REI knows ‘Black Friday’ isn’t ‘Black Friday’ anymore, so closing its stores won’t hurt, but only help the brand
REI, a unique co-op retailer whose members pay a fee to belong, got unimaginable publicity with its announcement that its stores will remain closed on ‘Black Friday.’
#OptOutside, which encourages its members to spend the day with family and friends enjoying the outdoors, is perfectly on-brand. But even more importantly, it got the kind of media attention that no amount of paid advertising could ever hope to achieve.
It is win-win for REI with absolutely no downside, since ‘Black Friday’ isn’t ‘Black Friday’ anymore. Retailers’ conventional wisdom is that on ‘Black Friday,’ the day after Thanksgiving, the bottom line of retailers’ account books goes from red ink to black as annual losses turn to profits. It might have been true once, but not anymore, according to a new report on the gifting market from Unity Marketing.
With more and more retailers trying to push the holiday shop-fest into Thanksgiving, REI and a growing group of retailers (Costco, DSW, TJ Maxx) are deciding to opt-out. It’s a lesson other brands should learn: If you want to get noticed, turn left, when everyone else is turning right.
The fact is retailer’s fourth quarter isn’t producing the results it once did, as shoppers’ behavior has changed. Back in 1995, nearly one-third of the typical retailers’ revenues was generated in the last three months of the year. In 2014 it had dropped to 29.4% The fourth quarter is not the money maker it once was for retailers.
The incredible build up retailers make around the Christmas holiday shopping season is no longer paying off. Yearly retail sales quarter-to-quarter are flattening out and retailers’ chance to sell to the gift giver isn’t an end-of- the-year opportunity any longer, but one that extends throughout the entire year, this based upon the new Gifting Report, based upon a survey among 1,650 gift shoppers (avg. income $97.9k).
Unity Marketing estimates that the gifting market totals $131.3 billion, and represents about $1 out of every $10 spent in the type of stores that fill America’s malls and shopping centers, the ‘big boxes’ that line the streets and highways and the shops along main streets across the country.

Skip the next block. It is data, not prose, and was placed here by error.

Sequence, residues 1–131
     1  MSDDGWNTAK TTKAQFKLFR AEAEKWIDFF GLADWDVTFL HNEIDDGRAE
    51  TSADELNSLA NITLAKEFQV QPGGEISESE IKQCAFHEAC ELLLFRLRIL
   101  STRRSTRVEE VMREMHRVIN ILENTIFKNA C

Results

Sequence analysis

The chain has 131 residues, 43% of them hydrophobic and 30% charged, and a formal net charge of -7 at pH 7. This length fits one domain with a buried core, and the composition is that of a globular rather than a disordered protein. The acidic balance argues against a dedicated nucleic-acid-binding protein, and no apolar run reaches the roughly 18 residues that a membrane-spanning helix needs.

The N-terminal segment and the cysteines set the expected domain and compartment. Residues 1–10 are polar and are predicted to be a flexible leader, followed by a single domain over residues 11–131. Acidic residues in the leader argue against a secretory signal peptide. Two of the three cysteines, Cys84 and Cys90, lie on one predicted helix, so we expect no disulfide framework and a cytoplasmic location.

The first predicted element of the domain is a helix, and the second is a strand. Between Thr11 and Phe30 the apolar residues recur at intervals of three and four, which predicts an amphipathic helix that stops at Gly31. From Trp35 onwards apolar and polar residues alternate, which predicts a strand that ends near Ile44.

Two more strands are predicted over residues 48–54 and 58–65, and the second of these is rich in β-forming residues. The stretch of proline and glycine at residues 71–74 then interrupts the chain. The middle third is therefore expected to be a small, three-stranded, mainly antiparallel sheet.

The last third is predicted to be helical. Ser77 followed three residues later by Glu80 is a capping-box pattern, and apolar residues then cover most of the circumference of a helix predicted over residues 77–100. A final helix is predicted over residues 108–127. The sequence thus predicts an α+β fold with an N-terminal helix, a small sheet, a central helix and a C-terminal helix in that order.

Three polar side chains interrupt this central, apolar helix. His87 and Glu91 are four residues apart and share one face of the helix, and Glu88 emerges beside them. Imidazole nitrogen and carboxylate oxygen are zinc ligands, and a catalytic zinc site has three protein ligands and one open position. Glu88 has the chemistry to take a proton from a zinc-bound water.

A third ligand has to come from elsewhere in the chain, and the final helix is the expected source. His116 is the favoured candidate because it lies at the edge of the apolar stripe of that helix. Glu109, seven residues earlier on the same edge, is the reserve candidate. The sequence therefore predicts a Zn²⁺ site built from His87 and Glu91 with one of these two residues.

And increasingly, more of those gifting dollars are not going to those stores at all, but being spent online, as gifters turn to the internet to select, research and buy gifts.
Amazon.com surges ahead to be gifters’ favorite shopping destination, knocking out Target & Walmart, tied as their favorites in 2010
Internet shopping for gifts is a real game changer that is disrupting the gifting market, having replaced discount department stores and mass merchants, including the websites of those stores, as their preferred gift shopping destinations. That means Target, Walmart, Kohl’s and others are losing a big share of the gifting business to Amazon.com, eBay.com, Groupon.com, Etsy.com and other etailers.
While the annual year-end holiday gifting season receives the lion’s share of marketer and retailer attention, the reality is that gifting represents a significant marketing opportunity throughout the whole year. Out of the typical gifters’ annual gifting budget, Christmas accounts for slightly less than half of the total. The majority of gift purchases are made the rest of the year.
Unity Marketing’s new Gifting Report provides data, insights and a five-year perspective of trends into what gifts people are shopping for by holiday and occasion, the destinations they favor for gift shopping, as well as what they look for when considering gift selections and places to shop.
Marketers and retailers need to understand the gift buying and shopping behavior of customers in order to attract them and meet their needs with suitable gift ideas and gift shopping experiences. This report details an important trends and statistics for retailers and marketers to use to get their best gifting strategies on.